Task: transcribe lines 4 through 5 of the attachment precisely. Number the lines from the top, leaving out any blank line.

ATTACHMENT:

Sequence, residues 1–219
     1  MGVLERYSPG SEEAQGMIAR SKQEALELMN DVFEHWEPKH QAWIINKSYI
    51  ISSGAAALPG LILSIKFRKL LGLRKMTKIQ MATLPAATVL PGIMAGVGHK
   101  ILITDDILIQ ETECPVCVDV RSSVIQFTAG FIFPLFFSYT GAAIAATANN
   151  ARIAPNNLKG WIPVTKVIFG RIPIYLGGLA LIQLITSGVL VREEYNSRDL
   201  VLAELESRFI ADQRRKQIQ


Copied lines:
   101  ILITDDILIQ ETECPVCVDV RSSVIQFTAG FIFPLFFSYT GAAIAATANN
   151  ARIAPNNLKG WIPVTKVIFG RIPIYLGGLA LIQLITSGVL VREEYNSRDL